Ezekiel Gilman Robinson (1815-1894), seventh president of Brown University, was born in Attleboro, Massachusetts. He was an indifferent student, who later said of his college days, “I had drifted aimlessly into college and drifted aimlessly through it, waking up only during the last year to see what I might and ought to have done.”

Ezekiel’s bust before restoration

Before Imgs; EGRobinson; Brown U Marble Busts1    Before Imgs; EGRobinson; Brown U Marble Busts4-1    Before Imgs; EGRobinson; Brown U Marble Busts2

Before Imgs; EGRobinson; Brown U Marble Busts3

Ezekiel Robinson was offered the presidency of Brown in 1867, but declined. When approached again in 1871, he reconsidered. In his autobiography, Robinson wrote, “In the spring of 1871 there came again a proposal that I should accept the presidency of Brown University. The proposal was not an enticing one. … On the other hand, regard for health, obligation as an alumnus of the University to go to its aid in the hour of its need, whispered suggestions of unsoundness in my teachings, the moral certainty of a coming revolution in theologic thought, – all combined to bring me to the conclusion that I ought not to refuse acceptance of the unwelcome call.”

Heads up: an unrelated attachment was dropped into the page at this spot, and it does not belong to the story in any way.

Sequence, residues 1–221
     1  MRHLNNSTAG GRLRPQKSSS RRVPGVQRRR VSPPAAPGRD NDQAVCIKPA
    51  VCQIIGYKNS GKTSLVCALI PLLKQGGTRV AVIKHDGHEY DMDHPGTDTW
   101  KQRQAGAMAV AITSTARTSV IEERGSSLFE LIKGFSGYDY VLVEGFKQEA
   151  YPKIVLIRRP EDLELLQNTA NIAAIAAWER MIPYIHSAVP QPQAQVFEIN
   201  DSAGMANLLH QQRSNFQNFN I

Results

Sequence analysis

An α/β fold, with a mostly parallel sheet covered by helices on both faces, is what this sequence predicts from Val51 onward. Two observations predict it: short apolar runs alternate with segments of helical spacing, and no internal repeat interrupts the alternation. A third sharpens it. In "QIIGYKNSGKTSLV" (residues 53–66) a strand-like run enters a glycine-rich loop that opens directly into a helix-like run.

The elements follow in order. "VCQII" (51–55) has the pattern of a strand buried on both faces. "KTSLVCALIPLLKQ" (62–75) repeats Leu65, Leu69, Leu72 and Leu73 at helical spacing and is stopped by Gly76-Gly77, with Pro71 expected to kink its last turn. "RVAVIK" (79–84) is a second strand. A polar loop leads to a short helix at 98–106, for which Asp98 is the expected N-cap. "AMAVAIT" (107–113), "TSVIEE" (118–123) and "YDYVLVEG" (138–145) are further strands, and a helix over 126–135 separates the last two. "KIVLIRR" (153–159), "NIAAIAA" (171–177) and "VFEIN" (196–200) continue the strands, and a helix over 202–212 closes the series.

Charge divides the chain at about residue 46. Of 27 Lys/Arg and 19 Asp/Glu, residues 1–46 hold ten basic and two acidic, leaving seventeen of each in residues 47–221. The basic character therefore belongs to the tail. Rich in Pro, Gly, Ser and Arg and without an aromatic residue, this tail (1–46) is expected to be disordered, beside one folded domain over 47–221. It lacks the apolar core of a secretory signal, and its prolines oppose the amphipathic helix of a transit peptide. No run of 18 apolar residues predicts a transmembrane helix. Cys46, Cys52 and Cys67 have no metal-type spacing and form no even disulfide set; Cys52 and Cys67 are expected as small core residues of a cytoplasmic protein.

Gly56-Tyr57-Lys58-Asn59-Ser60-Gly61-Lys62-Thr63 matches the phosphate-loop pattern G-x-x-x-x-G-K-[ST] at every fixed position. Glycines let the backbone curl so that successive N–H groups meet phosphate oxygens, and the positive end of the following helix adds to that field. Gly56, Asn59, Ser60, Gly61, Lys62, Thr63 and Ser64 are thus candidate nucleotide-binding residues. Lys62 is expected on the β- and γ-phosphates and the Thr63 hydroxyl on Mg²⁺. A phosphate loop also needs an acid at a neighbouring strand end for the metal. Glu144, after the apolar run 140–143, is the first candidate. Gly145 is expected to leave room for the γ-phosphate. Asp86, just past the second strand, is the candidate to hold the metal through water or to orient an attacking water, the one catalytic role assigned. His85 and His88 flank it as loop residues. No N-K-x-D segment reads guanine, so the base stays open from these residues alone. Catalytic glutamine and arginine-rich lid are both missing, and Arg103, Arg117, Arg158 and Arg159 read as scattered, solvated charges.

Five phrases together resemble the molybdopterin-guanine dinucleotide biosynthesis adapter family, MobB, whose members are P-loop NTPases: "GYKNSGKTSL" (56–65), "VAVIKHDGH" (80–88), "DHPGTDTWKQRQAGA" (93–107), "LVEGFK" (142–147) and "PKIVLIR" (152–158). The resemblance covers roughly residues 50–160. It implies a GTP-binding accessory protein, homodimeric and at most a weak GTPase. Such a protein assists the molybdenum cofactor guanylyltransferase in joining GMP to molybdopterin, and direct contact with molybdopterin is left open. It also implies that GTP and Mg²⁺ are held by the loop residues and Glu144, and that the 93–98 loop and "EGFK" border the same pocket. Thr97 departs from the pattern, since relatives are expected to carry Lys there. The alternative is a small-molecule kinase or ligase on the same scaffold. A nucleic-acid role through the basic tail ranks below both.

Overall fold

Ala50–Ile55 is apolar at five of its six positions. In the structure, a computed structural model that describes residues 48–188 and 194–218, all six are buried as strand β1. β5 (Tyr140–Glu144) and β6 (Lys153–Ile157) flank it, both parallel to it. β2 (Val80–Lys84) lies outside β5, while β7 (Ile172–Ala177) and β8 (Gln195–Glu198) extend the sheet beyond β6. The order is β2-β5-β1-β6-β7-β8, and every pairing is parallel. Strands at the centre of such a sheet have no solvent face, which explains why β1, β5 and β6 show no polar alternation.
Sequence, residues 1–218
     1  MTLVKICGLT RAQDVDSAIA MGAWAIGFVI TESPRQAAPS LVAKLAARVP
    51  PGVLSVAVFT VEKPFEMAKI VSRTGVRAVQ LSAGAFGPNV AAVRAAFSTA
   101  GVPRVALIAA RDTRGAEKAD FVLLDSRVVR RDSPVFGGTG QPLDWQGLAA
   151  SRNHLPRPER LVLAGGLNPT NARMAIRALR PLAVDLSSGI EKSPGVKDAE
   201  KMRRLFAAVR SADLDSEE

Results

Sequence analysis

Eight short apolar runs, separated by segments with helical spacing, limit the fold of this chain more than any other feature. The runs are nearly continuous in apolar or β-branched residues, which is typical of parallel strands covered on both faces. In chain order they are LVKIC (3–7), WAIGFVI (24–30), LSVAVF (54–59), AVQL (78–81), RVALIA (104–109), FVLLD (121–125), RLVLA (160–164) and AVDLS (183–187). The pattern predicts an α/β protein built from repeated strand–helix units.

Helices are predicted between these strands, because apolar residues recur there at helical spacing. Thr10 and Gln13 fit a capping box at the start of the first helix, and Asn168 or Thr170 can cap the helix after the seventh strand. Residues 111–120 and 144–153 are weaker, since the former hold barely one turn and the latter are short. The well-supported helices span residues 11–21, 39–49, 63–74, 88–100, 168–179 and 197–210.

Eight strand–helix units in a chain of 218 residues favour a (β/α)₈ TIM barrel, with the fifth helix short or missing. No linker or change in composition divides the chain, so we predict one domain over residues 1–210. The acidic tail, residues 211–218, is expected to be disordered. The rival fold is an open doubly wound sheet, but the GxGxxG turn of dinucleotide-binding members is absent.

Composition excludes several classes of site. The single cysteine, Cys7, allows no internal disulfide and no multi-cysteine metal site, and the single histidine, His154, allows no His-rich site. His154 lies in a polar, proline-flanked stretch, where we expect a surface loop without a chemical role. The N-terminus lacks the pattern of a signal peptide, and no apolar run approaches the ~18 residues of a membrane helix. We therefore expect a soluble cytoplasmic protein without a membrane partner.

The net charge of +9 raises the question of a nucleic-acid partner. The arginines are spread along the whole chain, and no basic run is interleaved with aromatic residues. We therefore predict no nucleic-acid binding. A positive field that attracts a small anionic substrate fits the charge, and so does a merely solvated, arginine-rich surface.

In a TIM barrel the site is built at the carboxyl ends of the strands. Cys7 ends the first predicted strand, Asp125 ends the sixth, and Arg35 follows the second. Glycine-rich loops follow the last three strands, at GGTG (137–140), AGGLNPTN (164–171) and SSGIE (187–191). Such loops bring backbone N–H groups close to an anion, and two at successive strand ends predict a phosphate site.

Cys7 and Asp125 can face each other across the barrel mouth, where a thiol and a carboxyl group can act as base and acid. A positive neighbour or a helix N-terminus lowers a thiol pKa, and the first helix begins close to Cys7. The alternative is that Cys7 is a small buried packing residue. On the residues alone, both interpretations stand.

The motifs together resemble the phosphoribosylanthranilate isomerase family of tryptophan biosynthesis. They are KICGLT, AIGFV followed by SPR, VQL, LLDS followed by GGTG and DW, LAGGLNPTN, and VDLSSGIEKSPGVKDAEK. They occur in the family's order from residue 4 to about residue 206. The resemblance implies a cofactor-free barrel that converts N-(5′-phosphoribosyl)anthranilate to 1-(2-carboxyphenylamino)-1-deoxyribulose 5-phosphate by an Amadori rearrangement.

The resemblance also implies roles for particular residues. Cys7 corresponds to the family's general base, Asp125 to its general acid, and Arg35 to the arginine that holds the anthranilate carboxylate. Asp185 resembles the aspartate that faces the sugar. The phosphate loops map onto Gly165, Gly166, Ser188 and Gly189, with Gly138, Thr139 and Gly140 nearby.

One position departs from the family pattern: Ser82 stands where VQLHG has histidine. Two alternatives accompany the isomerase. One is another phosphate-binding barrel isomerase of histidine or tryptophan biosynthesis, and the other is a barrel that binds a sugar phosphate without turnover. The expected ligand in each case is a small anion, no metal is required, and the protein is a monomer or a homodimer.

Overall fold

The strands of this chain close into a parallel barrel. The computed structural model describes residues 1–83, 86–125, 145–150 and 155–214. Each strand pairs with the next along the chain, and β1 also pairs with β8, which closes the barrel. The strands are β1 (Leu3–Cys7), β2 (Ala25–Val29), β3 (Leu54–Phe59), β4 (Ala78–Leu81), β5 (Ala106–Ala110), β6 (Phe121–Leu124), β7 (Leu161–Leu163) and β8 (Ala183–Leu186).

Ezekiel’s bust after restoration

Finished Imgs; EGRobinson; Brown U Marble Busts1    Finished Imgs; EGRobinson; Brown U Marble Busts3    Finished Imgs; EGRobinson; Brown U Marble Busts2

Finished Imgs; EGRobinson; Brown U Marble Busts4-1

Perceiving that the University was most deficient in the natural sciences, and at the risk of offending the older professors who defended the old curriculum, Robinson set about establishing a professorship of physiology and hygiene, a professorship of geology and paleontology, and a professorship of astronomy. Another new professorship was that of modern languages, and the European languages, of particular interest to students who would do graduate study abroad, began to be elected in preference to the classical languages.

Graduate study was introduced by Robinson over the objections of the senior professors of Latin and Greek, but with the blessing of history professor E. Benjamin Andrews, who was to succeed him in the presidency.

Thomas D. Anderson 1874 summarized the improvements to the University during Robinson’s administration in his memorial address:

“The College showed greater material advance during the administration of Dr. Robinson than at any other period of its history.”